Like – And With – A Local
By Jana Soeldner Danger
The Icelandair Buddy Program pairs travelers with local airline-employee residents for personalized layover adventures
Hiking a glacier. Backpacking. Exploring caves. Scuba diving. These are just a few of the adventures travelers have experienced with Icelandair’s unique Buddy program, which pairs passengers with airline employees who share their interests. The buddies not only make the arrangements, but also accompany the passengers on the excursions, all at no charge.
Exploring a new country can be intimidating. Sure, there are guide books and group tours, but suppose a traveler wants a more intimate look at a destination and a more personal experience? The Buddy program, which started last year, offers the solution.
Since the 1960s, Icelandair has offered passengers the opportunity to do a stopover in Iceland for up to seven nights at no extra ticketing charge. The Buddy program is designed to enhance the stopover by letting people from other countries experience Iceland like a local.
Take, for example, Dianne Schifini of Long Island, NY and Tina Flintoff of Enumclaw, WA. When the two friends decided to take a transatlantic cruise from Copenhagen to New York together, they began researching airlines to find connections that would bring both of them to their first destination at approximately the same time, even though they live on opposite sides of the country. “I’d never heard of Icelandair,” Schifini said. “But a friend told me it was a great airline.”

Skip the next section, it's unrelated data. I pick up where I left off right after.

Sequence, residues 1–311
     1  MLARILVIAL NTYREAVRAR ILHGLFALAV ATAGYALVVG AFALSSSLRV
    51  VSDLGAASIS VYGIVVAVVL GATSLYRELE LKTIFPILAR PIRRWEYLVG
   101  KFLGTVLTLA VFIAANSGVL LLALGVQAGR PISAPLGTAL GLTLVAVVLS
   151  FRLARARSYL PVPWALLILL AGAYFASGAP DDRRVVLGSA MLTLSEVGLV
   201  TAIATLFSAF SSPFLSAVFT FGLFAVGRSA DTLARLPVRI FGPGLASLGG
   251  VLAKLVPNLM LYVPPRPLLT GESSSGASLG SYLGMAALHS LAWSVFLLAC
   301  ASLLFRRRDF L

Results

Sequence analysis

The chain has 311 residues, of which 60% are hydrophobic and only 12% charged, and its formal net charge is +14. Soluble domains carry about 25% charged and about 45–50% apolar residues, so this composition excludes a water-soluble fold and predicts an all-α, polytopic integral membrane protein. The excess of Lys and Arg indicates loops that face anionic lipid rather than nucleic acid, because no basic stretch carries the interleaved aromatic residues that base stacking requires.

A friend also told her Iceland was a great place to visit, and that she should think about doing a stopover. As she did more research, she discovered the Buddy program and told Tina about it.
“It sounded too good to be true,” Tina recalled. “I said, ‘are you sure it isn’t a scam? Who does something like that?’” Well, Icelandair does. Eventually, the two women were paired with flight attendant Unnur Eir Arnardottir, and before the trip, the Americans corresponded with their Icelandic buddy via email. “We described ourselves to her and told her what activities we like,” Dianne said. “She gave us some possibilities to choose from. She arranged for us to be picked up, and then met us at our airbnb.”
While there are Buddy activities as mild as joining a knitting group or visiting the town coffee shop, Dianne and Tina craved adventure. “We wanted to take advantage of what Iceland has to offer, and to get off the beaten path,” Tina said. “The program caters not to touristy things, but to creating a real Iceland experience.”
The ladies’ adventure began with a visit to a spectacular waterfall. “Then we went glacial hiking,” Dianne said.
To climb the slippery glacier, they wore helmets and crampons for safety. “It was like climbing up a mountain, except you’re walking on ice,” Dianne said. “And because of all the volcanic ash, the ice looks black.”
Next came whisking across an Icelandic beach in an all-terrain vehicle. “It was all black sand, and it was barren for miles,” Dianne said. “It wasn’t like anything we’d see in the U.S.”
A Global Trend
Not surprisingly, the program originated as a way to encourage people to visit Iceland and take advantage of the stopover experience.